Diagnosing Brain Cancer
Learn about tests used to diagnose brain cancer, including MRI, CT scans, and biopsy.
Learn more about the basics of brain cancer, including types of tumors, from the experts at WebMD.
Important It is possible that the main title of the report Glioblastoma Multiforme is not the name you expected. Please check the synonyms listing to find the alternate name(s) and disorder subdivision(s) covered by this report. ...
About This PDQ Summary
PURPOSE OF THIS SUMMARY This PDQ cancer information summary for health professionals provides comprehensive,peer-reviewed,evidence-based information about neuroblastoma screening. It is intended as a resource to inform and assist clinicians who care for cancer patients. It does not provide formal guidelines or recommendations for making health care decisions. REVIEWERS AND UPDATES This ...
Treatment of Recurrent Childhood High-Grade Astrocytomas
Most patients with high-grade astrocytomas or gliomas will eventually have tumor recurrence, usually within 3 years of original diagnosis but perhaps many years after initial treatment. Disease may recur at the primary tumor site, at the margin of the resection/radiation bed, or at noncontiguous central nervous system sites. Systemic relapse is rare but may occur. At the time of recurrence, a complete evaluation for extent of relapse is indicated for all malignant tumors. Biopsy or surgical resection may be necessary for confirmation of relapse because other entities, such as secondary tumor and treatment-related brain necrosis, may be clinically indistinguishable from tumor recurrence. The need for surgical intervention must be individualized on the basis of the initial tumor type, the length of time between initial treatment and the reappearance of the mass lesion, and the clinical picture. Patients for whom initial treatment fails may benefit from additional treatment.
Changes to This Summary (02 / 15 / 2013)
The PDQ cancer information summaries are reviewed regularly and updated as new information becomes available. This section describes the latest changes made to this summary as of the date above. General Information About Adult Brain TumorsUpdated statistics with estimated new cases and deaths for 2013 (cited American Cancer Society as reference 1).This summary is written and maintained by the PDQ Adult Treatment Editorial Board, which is editorially independent of NCI. The summary reflects an independent review of the literature and does not represent a policy statement of NCI or NIH. More information about summary policies and the role of the PDQ Editorial Boards in maintaining the PDQ summaries can be found on the About This PDQ Summary and PDQ NCI's Comprehensive Cancer Database pages.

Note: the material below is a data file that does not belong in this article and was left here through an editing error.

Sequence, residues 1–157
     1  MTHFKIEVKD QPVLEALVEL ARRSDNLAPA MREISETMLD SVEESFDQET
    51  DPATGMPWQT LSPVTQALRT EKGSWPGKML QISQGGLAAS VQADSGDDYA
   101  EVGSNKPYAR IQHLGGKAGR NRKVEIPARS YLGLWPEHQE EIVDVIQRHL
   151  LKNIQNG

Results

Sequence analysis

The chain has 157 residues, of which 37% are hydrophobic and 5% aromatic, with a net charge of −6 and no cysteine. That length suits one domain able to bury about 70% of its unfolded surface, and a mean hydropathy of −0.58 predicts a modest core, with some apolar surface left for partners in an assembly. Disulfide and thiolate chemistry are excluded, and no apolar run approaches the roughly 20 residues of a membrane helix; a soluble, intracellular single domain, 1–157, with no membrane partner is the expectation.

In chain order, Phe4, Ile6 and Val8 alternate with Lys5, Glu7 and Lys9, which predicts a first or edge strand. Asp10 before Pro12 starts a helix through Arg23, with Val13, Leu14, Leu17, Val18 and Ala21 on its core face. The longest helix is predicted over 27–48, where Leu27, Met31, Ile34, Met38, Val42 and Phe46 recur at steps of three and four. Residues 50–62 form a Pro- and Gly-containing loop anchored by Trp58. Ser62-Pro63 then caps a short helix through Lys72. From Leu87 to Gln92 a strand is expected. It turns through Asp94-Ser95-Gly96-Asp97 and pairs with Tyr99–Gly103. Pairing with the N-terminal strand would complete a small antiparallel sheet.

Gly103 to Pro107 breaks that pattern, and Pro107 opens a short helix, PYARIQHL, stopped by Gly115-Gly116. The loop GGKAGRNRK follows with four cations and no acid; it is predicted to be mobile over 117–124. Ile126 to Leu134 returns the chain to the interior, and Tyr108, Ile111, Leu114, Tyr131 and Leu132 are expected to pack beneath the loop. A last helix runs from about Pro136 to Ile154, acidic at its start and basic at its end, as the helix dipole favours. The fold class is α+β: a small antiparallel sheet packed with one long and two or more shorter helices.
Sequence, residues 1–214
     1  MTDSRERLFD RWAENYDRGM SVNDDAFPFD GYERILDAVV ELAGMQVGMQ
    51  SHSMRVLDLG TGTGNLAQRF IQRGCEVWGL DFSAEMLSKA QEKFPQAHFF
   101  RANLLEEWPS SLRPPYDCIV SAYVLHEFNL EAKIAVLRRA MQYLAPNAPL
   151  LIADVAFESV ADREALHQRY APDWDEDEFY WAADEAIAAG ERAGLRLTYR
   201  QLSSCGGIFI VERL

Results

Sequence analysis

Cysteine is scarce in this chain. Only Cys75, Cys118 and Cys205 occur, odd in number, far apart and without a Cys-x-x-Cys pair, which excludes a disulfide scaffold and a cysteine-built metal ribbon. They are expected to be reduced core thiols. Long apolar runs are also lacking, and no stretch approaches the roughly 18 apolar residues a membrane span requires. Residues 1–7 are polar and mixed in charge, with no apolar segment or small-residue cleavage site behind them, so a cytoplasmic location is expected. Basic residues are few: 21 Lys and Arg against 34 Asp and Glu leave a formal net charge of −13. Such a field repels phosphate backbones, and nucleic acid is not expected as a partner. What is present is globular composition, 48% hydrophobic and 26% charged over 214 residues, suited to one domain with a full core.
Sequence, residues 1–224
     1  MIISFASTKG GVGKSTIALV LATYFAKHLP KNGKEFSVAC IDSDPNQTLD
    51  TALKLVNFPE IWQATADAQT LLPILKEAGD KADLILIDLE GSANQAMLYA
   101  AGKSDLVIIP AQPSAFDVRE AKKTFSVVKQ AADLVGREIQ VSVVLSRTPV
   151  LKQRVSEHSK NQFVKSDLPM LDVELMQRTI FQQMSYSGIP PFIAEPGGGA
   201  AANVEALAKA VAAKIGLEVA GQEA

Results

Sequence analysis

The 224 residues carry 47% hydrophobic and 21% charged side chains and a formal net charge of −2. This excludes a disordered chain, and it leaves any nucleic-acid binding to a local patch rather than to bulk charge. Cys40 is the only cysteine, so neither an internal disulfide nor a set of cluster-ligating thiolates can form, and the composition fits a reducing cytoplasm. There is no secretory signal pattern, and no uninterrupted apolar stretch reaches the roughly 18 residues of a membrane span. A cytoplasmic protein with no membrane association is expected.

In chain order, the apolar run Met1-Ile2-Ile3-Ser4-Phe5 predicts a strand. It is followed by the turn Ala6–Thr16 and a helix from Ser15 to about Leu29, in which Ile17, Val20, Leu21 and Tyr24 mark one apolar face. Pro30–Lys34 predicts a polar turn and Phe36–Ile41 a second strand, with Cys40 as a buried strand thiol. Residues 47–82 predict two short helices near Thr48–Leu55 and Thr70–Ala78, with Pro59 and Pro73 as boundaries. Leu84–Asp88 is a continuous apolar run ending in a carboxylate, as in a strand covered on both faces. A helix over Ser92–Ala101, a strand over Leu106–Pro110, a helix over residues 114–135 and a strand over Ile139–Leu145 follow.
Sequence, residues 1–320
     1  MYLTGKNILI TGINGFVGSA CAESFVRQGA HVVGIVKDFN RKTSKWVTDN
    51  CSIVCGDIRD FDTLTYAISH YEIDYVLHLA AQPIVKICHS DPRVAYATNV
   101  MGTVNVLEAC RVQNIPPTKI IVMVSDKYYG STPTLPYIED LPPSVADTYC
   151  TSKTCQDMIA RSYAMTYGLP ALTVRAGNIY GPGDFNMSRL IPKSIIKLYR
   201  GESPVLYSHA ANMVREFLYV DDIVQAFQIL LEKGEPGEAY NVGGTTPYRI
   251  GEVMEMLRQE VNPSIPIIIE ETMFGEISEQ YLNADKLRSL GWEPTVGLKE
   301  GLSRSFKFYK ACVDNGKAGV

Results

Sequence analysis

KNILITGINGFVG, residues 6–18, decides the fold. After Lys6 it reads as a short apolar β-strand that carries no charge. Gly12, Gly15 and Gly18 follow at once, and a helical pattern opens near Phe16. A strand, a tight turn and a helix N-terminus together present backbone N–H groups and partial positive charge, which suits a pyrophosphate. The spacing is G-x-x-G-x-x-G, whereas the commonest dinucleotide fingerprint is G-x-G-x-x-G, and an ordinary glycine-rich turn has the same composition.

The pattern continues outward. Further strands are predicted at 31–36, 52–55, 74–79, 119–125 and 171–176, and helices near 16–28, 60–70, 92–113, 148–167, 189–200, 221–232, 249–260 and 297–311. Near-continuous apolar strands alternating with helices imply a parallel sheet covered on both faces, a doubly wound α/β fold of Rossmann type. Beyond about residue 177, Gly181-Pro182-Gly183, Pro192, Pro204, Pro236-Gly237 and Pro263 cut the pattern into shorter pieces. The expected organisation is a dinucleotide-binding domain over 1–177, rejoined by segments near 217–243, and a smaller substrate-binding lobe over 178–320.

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This PDQ cancer information summary for health professionals provides comprehensive, peer-reviewed, evidence-based information on Adult Brain Tumors treatment.
Classification of Adult Brain Tumors
This classification is based on the World Health Organization (WHO) classification of central nervous system (CNS) tumors. The WHO approach incorporates and interrelates morphology, cytogenetics, molecular genetics, and immunologic markers in an attempt to construct a cellular classification that is universally applicable and prognostically valid. Earlier attempts to develop a TNM-based classification were dropped: tumor size (T) is less relevant than tumor histology and location, nodal status (N) does not apply because the brain and spinal cord have no lymphatics, and metastatic spread (M) rarely applies because most patients with CNS neoplasms do not live long enough to develop metastatic disease.The WHO grading of CNS tumors establishes a malignancy scale based on histologic features of the tumor. The histologic
Treatment of Childhood High-Grade Astrocytomas
To determine and implement optimum management, treatment is often guided by a multidisciplinary team of cancer specialists who have experience treating childhood brain tumors. The therapy for both children and adults with supratentorial high-grade astrocytoma includes surgery, radiation therapy, and chemotherapy. Outcome in high-grade gliomas occurring in childhood may be more favorable than that in adults, but it is not clear if this difference is caused by biologic variations in tumor characteristics, therapies used, tumor resectability, or other factors that are presently not understood. The ability to obtain a complete resection is associated with a better prognosis. Radiation therapy is administered to a field that widely encompasses the entire tumor. The radiation therapy dose to the tumor bed is usually at least 54 Gy. Despite such therapy, overall survival rates remain poor. Similarly poor survival is seen in children with spinal cord primaries and children with
Treatment Option Overview
The treatments described in this summary are based on the Children’s Oncology Group (COG) Risk Stratification Schema,which is described in the Stage Information section of this summary. The risk of progression of the tumor causing morbidity and mortality is gauged based on the stage of the tumor,the age of the child at diagnosis,and tumor biology. The biological features considered are the ...